The other principal property was the estate of Lauzon or Point Levis, purchased from a M. Cherast in 1765. This would be a valuable property to-day, extending for six leagues along the St. Lawrence, and including the parishes of St. Joseph, St. Henry, St. Nicholas, and part of St. Charles, that is to say, the area from the old landing place at Point Levis up to and including the parish of St. Nicholas, which lies opposite St. Augustin beyond Cap Rouge. This is now a well-populated area, with many important mills, dockyards, and factories, and would be a princely possession; but in Murray's time the annual value of the property amounted to no more than £358 13s., and out of this had to be deducted all expenses attending collection of rents and the wear and tear of the mills.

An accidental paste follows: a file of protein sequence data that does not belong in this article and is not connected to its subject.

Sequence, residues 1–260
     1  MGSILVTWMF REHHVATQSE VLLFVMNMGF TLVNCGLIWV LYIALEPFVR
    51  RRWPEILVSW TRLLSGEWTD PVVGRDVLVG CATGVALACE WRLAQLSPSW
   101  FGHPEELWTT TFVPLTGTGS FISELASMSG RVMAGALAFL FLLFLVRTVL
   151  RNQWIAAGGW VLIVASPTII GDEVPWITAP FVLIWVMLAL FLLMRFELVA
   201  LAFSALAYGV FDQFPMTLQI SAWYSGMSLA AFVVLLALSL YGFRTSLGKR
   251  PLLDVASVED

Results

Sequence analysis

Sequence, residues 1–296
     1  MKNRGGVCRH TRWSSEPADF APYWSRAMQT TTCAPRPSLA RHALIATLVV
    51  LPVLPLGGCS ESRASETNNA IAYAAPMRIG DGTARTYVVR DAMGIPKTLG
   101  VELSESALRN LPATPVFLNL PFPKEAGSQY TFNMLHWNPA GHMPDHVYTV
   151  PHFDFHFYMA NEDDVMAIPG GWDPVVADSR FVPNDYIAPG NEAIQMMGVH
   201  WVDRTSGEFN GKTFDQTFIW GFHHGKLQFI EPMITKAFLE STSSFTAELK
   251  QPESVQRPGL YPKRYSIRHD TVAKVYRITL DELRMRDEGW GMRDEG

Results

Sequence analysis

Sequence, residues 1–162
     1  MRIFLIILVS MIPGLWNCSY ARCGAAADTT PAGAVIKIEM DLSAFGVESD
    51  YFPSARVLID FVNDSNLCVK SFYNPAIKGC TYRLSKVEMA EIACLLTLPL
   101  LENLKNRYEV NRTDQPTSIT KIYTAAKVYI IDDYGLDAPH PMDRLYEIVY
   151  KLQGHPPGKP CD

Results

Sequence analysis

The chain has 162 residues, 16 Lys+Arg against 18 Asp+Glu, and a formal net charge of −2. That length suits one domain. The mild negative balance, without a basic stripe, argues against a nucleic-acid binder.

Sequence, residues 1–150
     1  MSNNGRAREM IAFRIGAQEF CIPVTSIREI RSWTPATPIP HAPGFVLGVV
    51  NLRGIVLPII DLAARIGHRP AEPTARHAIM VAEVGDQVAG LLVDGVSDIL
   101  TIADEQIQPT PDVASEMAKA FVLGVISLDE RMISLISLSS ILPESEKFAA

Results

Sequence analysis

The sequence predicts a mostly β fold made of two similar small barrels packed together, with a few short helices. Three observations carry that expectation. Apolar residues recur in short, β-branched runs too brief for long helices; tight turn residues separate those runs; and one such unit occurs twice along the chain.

There appear to have been other properties in Canada, but the record on this head is very obscure. By his will, dated September 6, 1793, he left these properties to his son James Patrick Murray, who was born at Leghorn on January '25, 1782, subject to a life interest in Beauport to his wife, and a charge of £5000 each to his three surviving daughters, the executors having power to raise any defect of these sums by mortgage on the American estates, the widow to receive an allowance of £400 a year besides an allowance for each child. There are, unfortunately, no details available in the will or elsewhere as to the property, and practically no information as to why or when it was sold; but the probability is that the executors, of whom there were three—his two nephews, Sir James Murray and William Young, being two of them—were obliged to sell the lands in order to provide the daughters' portions.